rapid prototyping supply chain

 

5 Ways Rapid Prototyping will Transform Your Supply Chain

Over the past decade, the various forms of additive manufacturing such as 3d printing and rapid prototyping have played a crucial role in significantly transforming the supply chain. The recent attention it is getting from the general public and mass media is only a small section of its actual capabilities, which lies behind the scenes in production establishments. The technology can potentially influence almost all stages of the development life cycle of a product. From the product design to presentation, packaging, delivery- there will be a significant impact of rapid prototyping and 3d printing in all these stages. The dreamy, futuristic prospects aside, it can truly be a challenge to reap the substantial benefits of 3d printing in real life.

3d printing and rapid prototyping can influence the supply chain in five key sectors.

Product Design

One of the most important functions of 3d printing is product design and development. Engineers and designers are slowly moving from taking 2d designs from a tooling or molding manufacturer of 3d printing, helping to rapid prototype the finished design. This is easily the easiest benefit of 3d printing and it first began in the late 80’s. Today, the technology is all encompassing. More recent developments in 3d printing material are creating rapid prototypes that not only imitate the injection molded look and feel of thermoplastics, but the prototypes can also mimic the properties essential for functional product testing. Today, 3d printing no longer just reveals or tests out a design; it unveils products before the final output is produced.

Due to rapid prototyping, products are now better tested for design flaws, which would otherwise be found once there have been tooling investments. Rapid prototyping is making redesigning and prototyping more affordable across industries such as consumer products, medicine and aerospace. Today, fixing design flaws does not involve shipping spare parts back and forth, waiting for tools to arrive or buying new tools. The CAD file containing the design can be altered, the design reprinted and validated before moving on to the next steps of tooling. Hence, rapid prototyping is helping to shorten the supply chain, thus speeding up the cycle of product development.

Manufacturing Tools and Aids

Fixtures, jigs and other tools that speed up the manufacturing process and hence the assembly lines are very important, but it they can consume a lot of time and money to be developed traditionally. Additive manufacturing being a versatile manufacturing method can help prepare these manufacturing aids with relative ease. The parts created are also accurate and durable, making additive manufacturing a go-to method for assembly line production at factories today. Equipment such as jigs, fixtures, custom tube bender dies, molds, cooling patterns, drill, locating templates, saw guides, etc. have become some of the best kept secrets of 3d printing. This method of making these manufacturing aids assist in ensuring high observable quality, efficiency and profitable production.

Product Packaging

High performing thermoplastics that would otherwise be used in extreme pressure and heating conditions can now be coupled with 3d printing. These thermoplastics such as ABS, PLA and polycarbonate are being used for creation of thermoforming patterns. These custom patterns are benefitted by 3d printing in three important ways- patterns of varying sizes, thickness and fluctuation of design and patterns that require various unique shapes. This is why packaging industries are considering 3d printed thermoforming as more economical and more effective patterns that can be effective in better product design.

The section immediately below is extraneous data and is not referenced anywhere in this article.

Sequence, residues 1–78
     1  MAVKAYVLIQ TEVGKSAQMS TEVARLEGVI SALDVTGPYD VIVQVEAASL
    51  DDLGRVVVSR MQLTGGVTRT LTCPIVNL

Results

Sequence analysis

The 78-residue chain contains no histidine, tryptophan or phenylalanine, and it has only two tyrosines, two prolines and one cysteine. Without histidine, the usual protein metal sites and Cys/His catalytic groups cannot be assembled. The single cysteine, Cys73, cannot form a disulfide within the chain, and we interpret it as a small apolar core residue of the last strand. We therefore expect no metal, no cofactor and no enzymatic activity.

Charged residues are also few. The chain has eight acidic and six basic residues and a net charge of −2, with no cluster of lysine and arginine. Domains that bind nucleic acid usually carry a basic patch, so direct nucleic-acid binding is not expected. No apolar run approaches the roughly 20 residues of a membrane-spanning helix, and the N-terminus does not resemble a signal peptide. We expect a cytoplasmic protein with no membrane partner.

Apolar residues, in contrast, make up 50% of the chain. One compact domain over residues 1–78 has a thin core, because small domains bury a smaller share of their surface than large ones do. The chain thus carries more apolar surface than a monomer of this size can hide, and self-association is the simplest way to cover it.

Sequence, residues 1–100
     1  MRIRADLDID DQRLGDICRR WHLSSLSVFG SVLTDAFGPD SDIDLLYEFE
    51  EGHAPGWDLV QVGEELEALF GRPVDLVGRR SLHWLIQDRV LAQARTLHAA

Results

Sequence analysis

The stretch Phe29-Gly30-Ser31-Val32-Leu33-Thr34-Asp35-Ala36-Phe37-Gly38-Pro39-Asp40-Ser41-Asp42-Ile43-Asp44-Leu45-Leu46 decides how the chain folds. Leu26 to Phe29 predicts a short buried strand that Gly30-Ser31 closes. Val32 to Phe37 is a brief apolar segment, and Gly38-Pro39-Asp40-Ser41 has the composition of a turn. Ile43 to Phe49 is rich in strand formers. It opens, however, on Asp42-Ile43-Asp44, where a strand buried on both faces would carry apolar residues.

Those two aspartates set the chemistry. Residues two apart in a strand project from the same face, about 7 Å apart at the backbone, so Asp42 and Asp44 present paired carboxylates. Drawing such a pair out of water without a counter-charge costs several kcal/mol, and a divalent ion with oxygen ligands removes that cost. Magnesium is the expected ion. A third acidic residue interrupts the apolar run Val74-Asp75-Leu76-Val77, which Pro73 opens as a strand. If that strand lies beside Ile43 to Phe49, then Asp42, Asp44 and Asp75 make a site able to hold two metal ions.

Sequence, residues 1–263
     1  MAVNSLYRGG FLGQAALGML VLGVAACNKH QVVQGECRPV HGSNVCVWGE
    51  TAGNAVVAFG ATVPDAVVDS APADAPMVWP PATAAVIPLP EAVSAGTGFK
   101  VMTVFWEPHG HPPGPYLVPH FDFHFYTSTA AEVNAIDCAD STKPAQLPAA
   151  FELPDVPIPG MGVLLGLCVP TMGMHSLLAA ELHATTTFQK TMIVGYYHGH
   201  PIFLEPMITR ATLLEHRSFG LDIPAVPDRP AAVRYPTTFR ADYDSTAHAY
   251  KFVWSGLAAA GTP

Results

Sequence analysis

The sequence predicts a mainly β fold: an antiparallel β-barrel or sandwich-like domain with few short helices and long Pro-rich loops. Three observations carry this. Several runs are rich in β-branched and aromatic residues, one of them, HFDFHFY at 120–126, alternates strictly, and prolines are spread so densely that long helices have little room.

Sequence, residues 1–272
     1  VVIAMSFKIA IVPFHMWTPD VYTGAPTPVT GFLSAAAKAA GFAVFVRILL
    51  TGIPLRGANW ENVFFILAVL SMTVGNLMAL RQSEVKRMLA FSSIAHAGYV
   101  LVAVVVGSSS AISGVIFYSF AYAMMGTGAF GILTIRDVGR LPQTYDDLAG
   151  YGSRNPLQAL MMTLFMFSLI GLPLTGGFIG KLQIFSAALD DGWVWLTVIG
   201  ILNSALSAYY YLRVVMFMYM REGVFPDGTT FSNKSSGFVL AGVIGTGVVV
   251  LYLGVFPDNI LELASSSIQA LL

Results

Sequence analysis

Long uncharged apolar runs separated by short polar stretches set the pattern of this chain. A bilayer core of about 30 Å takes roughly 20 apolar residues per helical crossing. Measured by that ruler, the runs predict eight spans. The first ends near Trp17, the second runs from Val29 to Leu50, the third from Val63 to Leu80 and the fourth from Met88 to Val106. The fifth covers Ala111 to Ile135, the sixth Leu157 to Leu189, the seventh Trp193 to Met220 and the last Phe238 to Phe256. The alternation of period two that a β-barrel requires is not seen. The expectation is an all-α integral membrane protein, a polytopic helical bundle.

Manufacture and Production

Development of materials is about to change the face of 3d printing and the world is ready to embrace it. These developments are helping the technology to become progressively common for use in certain processes of manufacturing, making 3d printing process to be used as the finished product. Instead of using 3d printing for mass production or injection molding, engineers have discovered that due to the complexity of 3d printing, it is too valuable to be diluted by taking it into a more conventional method of production. Today, 3d printing is used only when the design is exclusively achievable through 3d printing methods. This is frequently observed in aerospace industries. Also, the turnaround time has to be shorter than a conventional production method for 3d printing to be viable for it.

Creating a Virtual Inventory

In our increasingly connected world, consumer products are being bought with the help of the internet with the help of data from consumers to manufacturers. In the near future, there will no longer be any need of warehouse product storage or tooling inventories. Manufacturers can now have virtual inventories as 3d printing is rapidly becoming an important part in the manufacturing plants. Virtual inventories mainly work in the following way: the CAD files of the design are saved on computers or cloud devices, the manufacturers access the files and print the product. This is then shipped to the designer or straight to the doorstep of the consumers as required.

These amazing benefits of 3d printing, additive manufacturing and rapid prototyping may not have made headlines, but these are going to powerfully impact how we deliver, design and produce in our current supply chains.

 

 

 

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